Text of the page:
To be as concise as possible, I'm going to create 2 lists, one of things I have decided worthwhile to keep organic, and the other of things I tried and decided to drop, inclusive of the reasons Why.
- Beef & chicken, though we eat less of it than ever, and I've added another stipulation to that: Grass-Fed. Corn and soy-fed animals ("all-vegetarian diet" is what they say on the package. Deceptive, isn't it?) are not healthy animals. Cows, chickens, and people were meant to feed on a variety of foods. Imagine how healthy you'd be if all you ate were corn, soybeans, and a pill full of vitamins. Healthy cows make nutritious steak. That's my logic there. (btw, grass-fed means "raised in a pasture" which for chickens, means they're eating bugs, and for cows, means they're getting all the "green" they need)
- Milk, my goal is to buy gallons of raw, whole milk in bulk from a local farm. This will supply me with milk, cream, sour cream, yogurt, kefir, and hopefully (when I get good at it) cheese. I'm still waiting on a call from the farmer's wife letting me know the calf has been born. In the mean time, we're just drinking the pasteurized, homogenized stuff. :P
- Eggs. Costco has a good deal on these, making it possible to afford them!
- All toiletries and household cleansers (barring carpet spot-remover. Have yet to discover something that will keep us from replacing the carpets in this bloody white-sheathed rental home of ours when we leave!)
- Sugar. The reasons for this are the following: sugar is an imported food. Foreign countries do not have the "protection" (sarcastic quotations) of the FDA to regulate the pesticides they use. Also, it's pretty expensive, and it makes me think twice about using it, which is good, since even when it's organic, it's not good for your body to consume it in huge amounts like, say, Sweet Tea. (my biggest weakness right now)
- Oil. Once again, Costco rules when it comes to this. I wouldn't be able to go organic on oil but for their awesome bulk deals!
- I have to put Bread in here, too, because I make my own bread, even though it's not perfectly organic sprouted wheat, it contains the organic flour, sugar, and oil. It's pretty good, though, and we're spoilt for store-bought bread, now. :) Thanks to my Mom for teaching us to make it at home when we were 6. That's a gift I can't put a price on!
Alternatives to Organics:
In the long run, my solution to having a mixed "impure" diet is to shift our balance from Majoring on Meat & Potatoes to Majoring on Raw Foods, mostly raw vegetables and fruit. One thing that has helped is to take just one meal per day: breakfast, and eat ONLY raw fruits. That eliminates the problem of balancing the "right" amount of meat to starch to veggie. We just decided to up our intake of raw foods, and hope that it made up for the holes in my "Organic Shield." So far, we've been LOVING the results! We start the day with a totally raw fruit breakfast, and make lunch our highest-protein meal. This usually consists of something like chili, a chicken/veggie casserole, potatoes & ham au gratin, accompanied by a vegetable. We end the day with a lighter version of that, such as a salad topped with grilled steak strips, or a chicken breast with mango salsa, no starch. It gives us both a lot more energy in the evening, so we can actually talk to each other and play with Violet rather than sit staring at each other, bloated digestive systems working hard, counting the minutes till bedtime!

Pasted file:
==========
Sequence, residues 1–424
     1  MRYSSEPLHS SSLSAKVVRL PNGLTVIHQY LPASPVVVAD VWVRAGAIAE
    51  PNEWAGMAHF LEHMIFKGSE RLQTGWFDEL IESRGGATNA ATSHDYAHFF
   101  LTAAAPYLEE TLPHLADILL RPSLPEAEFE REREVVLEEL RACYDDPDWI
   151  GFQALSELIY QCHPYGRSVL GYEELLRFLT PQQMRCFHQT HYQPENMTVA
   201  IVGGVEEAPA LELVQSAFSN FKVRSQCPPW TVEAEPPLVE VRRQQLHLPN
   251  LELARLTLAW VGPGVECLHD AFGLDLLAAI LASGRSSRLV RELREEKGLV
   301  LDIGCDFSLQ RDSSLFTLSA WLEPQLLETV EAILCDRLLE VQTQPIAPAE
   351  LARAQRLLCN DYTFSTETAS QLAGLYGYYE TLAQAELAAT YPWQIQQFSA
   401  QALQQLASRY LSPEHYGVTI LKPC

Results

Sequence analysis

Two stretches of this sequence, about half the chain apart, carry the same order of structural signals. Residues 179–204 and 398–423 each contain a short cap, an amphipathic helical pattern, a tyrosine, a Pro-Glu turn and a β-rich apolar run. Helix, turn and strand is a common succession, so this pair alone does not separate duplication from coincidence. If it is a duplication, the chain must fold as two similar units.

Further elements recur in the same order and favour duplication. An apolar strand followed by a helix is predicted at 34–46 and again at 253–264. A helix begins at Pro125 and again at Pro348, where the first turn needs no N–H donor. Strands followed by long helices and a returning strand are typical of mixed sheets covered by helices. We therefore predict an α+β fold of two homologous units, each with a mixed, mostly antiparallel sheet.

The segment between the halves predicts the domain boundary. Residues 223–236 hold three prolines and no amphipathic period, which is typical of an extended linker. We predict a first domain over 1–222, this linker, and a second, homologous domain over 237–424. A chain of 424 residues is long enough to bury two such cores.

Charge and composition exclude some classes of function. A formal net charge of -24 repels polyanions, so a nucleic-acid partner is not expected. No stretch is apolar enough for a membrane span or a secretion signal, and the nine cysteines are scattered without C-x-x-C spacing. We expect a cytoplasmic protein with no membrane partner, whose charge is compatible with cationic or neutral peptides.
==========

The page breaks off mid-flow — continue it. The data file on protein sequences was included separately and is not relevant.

- Fresh Produce: the reason for this is I believe if I buy local produce I have a very good chance of getting nearly pure food. There are a lot of family-run farms out here that don't necessarily have the FDA "stamp" on their organic farming tactics, but they are earth-friendly, just the same. The average difference this makes is around $8 per week for our family. A few seasonal things I buy from out-of-state, like strawberries and oranges...but I try to make sure they're at least from the U.S.
- Fish: For a while now, we've been getting salmon from the hatchery here on post owned by the Nisqually Indian tribe. They give out free salmon in the fall to whomever wants to stand in line while they harvest the eggs. We have no guarantee that they're organic fish, but they are darned fresh, there's certainly no mercury, and FREE!
- Anything I use infrequently enough to not reconcile the extra expense with the benefits. These include: cocoa, baking powder, corn starch, chocolate, vinegars, most condiments, salad dressings, sauces, spices, tea, coffee (though this is more about the awesome "native" coffee out here, and my inability to free myself from this addiction than anything. )
- Oh, and this final one I'm really not satisfied with: Juice. I canNOT find a good alternative to juice.....organic stuff. The good wholesome "Whole Fruits" juices are SUPER expensive, and just plain not an option. We still drink juice, but I do wish I could find a healthy substitute. Not sure that getting a juicer wouldn't end up being just as expensive, once you buy all that fruit!
Honestly, we didn't ever complain about our digestions before we started this, it just suddenly occurred to us how much better it was this way! I'm having to re-think my "3 things arranged on a plate with bread on the side and a dessert waiting" training.....which must be a Southern Thing, now that I think about it! If we're going to have meat, I try to accompany it with a cooked vegetable AND a salad, and skip the mashed potatoes or rice pilaf or noodles & cheese. My more recent research has shown me that the necessary carbohydrates can be had from a pile of raw mixed veggies just as easily as from a bowl of gooey noodles. Plus, the roughage. :)
Anyway, those are my rambling, ever-changing thoughts on health. I'm also in the process of switching to a cheaper acai berry blend. I'm venturing forth from my safety zone of Mona-V*e, proven to work, and hoping to land a much more affordable product!